Gas pollution has also been detected near the site, and the Icelandic Met Office is warning travellers against being in the Katla volcano area due to the associated gas pollution risks. The Met Office also warns of a possible rise in water levels in Múlakvísl river due to the geothermal activity beneath Mýrdalsjökull.

Increased Geothermal Activity at Askja


Satellite images taken two days ago indicate increased geothermal activity at the bottom of Lake Askja, part of the Askja volcanic system in Iceland’s highland. Increased geothermal activity coincides with land deformation (uplift) and seismic activity in the region. There are no signs of an imminent eruption.

The Volcanology and Natural Hazard Group at the University of Iceland published a series of satellite images of Askja on their Facebook page yesterday, showing large thaw holes in the ice on the lake as compared to previous years. “The thaw holes that appeared [January 8] are big and can only be explained by increased geothermal heat in the water. That’s in line with the signs of uplift and earthquakes that have been measured (see Icelandic Met Office). So, it is therefore worth being vigilant about Askja these days.”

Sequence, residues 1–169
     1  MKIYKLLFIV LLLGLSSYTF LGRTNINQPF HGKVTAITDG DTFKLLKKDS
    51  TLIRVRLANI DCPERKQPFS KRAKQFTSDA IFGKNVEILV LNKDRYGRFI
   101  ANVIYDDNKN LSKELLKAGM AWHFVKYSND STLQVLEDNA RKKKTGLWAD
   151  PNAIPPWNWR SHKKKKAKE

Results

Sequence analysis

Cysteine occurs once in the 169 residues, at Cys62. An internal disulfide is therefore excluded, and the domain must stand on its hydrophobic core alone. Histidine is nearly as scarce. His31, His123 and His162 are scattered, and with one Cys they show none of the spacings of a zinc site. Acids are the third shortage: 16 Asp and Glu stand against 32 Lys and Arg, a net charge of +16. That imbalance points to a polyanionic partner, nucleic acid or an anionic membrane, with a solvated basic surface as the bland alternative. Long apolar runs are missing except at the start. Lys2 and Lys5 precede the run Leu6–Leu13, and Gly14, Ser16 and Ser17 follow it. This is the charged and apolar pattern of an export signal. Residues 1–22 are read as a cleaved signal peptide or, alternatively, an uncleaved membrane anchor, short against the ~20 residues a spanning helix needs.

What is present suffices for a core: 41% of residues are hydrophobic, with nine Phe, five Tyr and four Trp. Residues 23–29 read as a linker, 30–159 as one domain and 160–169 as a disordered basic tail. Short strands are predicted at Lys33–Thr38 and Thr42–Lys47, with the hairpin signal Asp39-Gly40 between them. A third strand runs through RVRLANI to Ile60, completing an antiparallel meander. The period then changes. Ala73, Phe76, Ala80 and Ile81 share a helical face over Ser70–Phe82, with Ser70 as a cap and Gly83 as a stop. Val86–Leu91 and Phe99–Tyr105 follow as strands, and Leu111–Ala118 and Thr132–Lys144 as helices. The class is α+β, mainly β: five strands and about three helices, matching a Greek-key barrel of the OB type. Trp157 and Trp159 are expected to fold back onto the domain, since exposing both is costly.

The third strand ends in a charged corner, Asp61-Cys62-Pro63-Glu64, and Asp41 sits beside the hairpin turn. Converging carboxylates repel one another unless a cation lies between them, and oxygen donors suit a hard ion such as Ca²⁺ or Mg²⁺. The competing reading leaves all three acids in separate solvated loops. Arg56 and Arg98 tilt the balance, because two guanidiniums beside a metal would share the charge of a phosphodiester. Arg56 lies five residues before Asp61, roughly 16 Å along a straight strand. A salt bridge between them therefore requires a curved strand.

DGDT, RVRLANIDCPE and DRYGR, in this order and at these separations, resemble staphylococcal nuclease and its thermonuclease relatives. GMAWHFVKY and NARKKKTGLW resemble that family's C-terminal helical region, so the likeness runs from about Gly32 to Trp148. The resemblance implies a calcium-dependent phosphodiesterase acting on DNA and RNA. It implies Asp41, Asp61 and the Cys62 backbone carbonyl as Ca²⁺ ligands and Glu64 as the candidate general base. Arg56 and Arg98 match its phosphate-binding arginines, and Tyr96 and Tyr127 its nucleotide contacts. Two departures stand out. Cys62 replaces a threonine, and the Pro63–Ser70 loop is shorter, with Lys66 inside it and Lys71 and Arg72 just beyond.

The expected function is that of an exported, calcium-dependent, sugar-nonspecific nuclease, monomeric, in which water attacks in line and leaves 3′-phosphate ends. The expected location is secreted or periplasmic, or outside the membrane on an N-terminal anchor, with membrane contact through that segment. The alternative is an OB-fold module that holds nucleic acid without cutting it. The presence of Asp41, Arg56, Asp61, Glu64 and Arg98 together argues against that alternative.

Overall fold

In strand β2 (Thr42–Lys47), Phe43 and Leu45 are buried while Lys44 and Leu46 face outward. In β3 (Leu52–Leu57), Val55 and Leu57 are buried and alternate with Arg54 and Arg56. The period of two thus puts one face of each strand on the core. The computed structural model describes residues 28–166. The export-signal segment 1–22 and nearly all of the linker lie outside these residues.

GPS measurements show that the land around Askja has risen about half a metre since August 2021, when monitoring began. The development has been relatively steady, with little seismic activity. In September 2021, the National Police Commissioner declared an “uncertainty phase” due to the uplift that remains in effect.